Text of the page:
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Ultrasonic Testing Helps Bridge the Gap to Safety

Ultrasonic Testing Helps Bridge the Gap to Safety

As of 2017, there are over 600,000 bridges in use in the United States. Almost 9 percent of these bridges are classified as structurally deficient, which means that the condition of the bridge includes a significant defect and restrictions must be enforced to maintain its safety. Though a structurally deficient bridge is not imminently dangerous, it can become so if substantial improvements are not made.

The average expected lifespan of a bridge is 50 years, but around one in four bridges in the U.S. are older. To help ensure that bridges (young and old) are structurally sound and safe to drive over, they need to be inspected regularly. To help them ensure that bridges remain safe, inspectors rely on different nondestructive testing (NDT) techniques. Though functional, traditional NDT methods are not the most efficient and dependable. With modern ultrasonic testing, however, inspectors can do their jobs with improved data and more reliable information.

The problem

On average, 174 million trips are made across structurally deficient bridges each day. Over the course of a bridge’s service life, the constant loading and unloading of weight on the structure can cause cracks and shearing to form in the welds and bolts that hold the bridge together. If left to grow, these flaws can lead to catastrophic failure. To prevent this from happening, it’s important to find defects such as corrosion and fatigue cracking as quickly and efficiently as possible.

The various defects and discontinuities possible in a weld.

Welds and bolts joining together bridge steel supports are particularly susceptible to discontinuities that can lead to corrosion and cracking. For example, when the weld doesn’t fully fuse with the steel or trapped gas creates holes in the weld, the strength of the weld is lessened. A bolted connection can be weakened by shear stress, which occurs when the two fastened structures are forced in opposite directions. These weak areas create concentrated points of high stress from which fractures can originate.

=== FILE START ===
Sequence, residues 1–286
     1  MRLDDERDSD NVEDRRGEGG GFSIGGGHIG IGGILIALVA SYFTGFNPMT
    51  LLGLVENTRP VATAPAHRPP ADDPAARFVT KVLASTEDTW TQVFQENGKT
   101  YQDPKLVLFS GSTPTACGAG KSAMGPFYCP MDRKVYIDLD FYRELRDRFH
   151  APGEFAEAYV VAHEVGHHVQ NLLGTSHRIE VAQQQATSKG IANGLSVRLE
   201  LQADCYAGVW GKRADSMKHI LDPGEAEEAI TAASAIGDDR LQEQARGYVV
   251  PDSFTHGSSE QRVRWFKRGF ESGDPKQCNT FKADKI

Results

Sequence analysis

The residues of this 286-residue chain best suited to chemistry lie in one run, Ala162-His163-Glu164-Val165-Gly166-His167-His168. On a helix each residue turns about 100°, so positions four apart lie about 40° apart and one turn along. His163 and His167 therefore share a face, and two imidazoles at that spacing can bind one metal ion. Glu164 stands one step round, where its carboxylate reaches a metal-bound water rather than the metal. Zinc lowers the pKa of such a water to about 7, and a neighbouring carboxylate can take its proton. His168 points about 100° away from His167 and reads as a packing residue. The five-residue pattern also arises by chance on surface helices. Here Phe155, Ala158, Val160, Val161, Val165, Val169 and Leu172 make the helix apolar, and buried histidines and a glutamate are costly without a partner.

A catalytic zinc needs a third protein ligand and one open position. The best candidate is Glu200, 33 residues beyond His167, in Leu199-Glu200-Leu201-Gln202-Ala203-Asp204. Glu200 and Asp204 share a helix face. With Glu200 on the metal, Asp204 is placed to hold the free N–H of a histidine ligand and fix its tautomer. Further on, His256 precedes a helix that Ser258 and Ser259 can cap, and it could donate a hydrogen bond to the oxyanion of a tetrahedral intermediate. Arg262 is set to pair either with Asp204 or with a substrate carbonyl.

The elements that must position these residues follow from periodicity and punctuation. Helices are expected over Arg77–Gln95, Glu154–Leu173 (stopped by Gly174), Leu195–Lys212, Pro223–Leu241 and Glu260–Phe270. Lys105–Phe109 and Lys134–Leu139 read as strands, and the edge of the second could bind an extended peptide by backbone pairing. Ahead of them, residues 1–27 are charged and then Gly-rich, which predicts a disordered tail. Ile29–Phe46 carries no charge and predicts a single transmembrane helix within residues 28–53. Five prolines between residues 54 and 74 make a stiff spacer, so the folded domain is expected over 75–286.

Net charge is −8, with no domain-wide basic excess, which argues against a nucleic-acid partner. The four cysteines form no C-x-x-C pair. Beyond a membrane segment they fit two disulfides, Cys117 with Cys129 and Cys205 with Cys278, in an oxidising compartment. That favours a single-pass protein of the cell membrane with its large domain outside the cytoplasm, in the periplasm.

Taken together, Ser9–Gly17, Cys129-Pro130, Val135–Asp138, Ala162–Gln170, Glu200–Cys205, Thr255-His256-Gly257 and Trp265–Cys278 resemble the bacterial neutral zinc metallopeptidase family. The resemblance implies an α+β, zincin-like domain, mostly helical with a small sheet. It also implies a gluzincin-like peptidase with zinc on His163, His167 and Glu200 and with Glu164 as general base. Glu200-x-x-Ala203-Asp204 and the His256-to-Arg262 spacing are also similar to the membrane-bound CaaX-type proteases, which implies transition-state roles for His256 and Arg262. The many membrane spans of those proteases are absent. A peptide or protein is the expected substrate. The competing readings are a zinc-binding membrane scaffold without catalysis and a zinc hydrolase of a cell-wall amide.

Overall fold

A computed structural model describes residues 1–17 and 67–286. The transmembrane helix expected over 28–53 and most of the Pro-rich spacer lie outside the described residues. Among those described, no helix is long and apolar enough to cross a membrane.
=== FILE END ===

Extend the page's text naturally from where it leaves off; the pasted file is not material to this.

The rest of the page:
Conventional NDT methods

A traditional NDT method used to inspect bridges is liquid penetrant testing (PT), in which liquid dye is used to reveal surface cracks on welds. Though PT has few material limitations and is relatively inexpensive, it’s limited to detecting surface cracks, leaving subsurface cracks undiscovered. Furthermore, to use PT, the inspector must have direct access to the surface being inspected, and surface roughness can affect the inspection sensitivity.

Radiography is a conventional NDT method that can also be used to inspect a bridge, but inspectors are slowly phasing it out. Radiographic testing uses X-rays to create a photographic film of the weld/bolt’s internal structure and determine if any discontinuities exist in the bond. However, this method carries safety risks because it emits radiation and generates chemical waste material. Additionally, it requires supplementary licensing and areas in proximity to radiographic testing must be cleared.

Different class of NDT methods

Phased array ultrasonic testing (PAUT) offers a safe, reliable alternative to PT and radiography that provides a better quality of data. A phased array flaw detector uses a probe to send high-frequency sound waves into the bridge supports. If a flaw — such as a crack or corrosion — exists, the probe will detect the altered sound waves. The data is sent back to the flaw detector, which then translates it into a visual representation that an inspector can use to identify the defects.

Another advanced NDT method that inspectors use is eddy current (EC) testing. Eddy current is used to help detect subsurface cracks that penetrant testing can miss. A major advantage of EC is that, unlike PT, it can be used on painted or coated surfaces. This helps save time and reduce cost since there’s no need to remove coatings or paint prior to inspection.

Welds can be inspected without removing paint with eddy current testing.

Today, more than 54,000 bridges are older than their expected lifespan and are due for restoration and/or replacement, an undertaking that would take thirty-seven years to complete. To maintain the safety of the bridges, bridge inspectors need to be able to determine any defects that would require load restrictions, making PAUT and EC flaw detectors excellent alternatives to radiography and PT.

Source: Olympus IMS (https://www.olympus-ims.com/en/)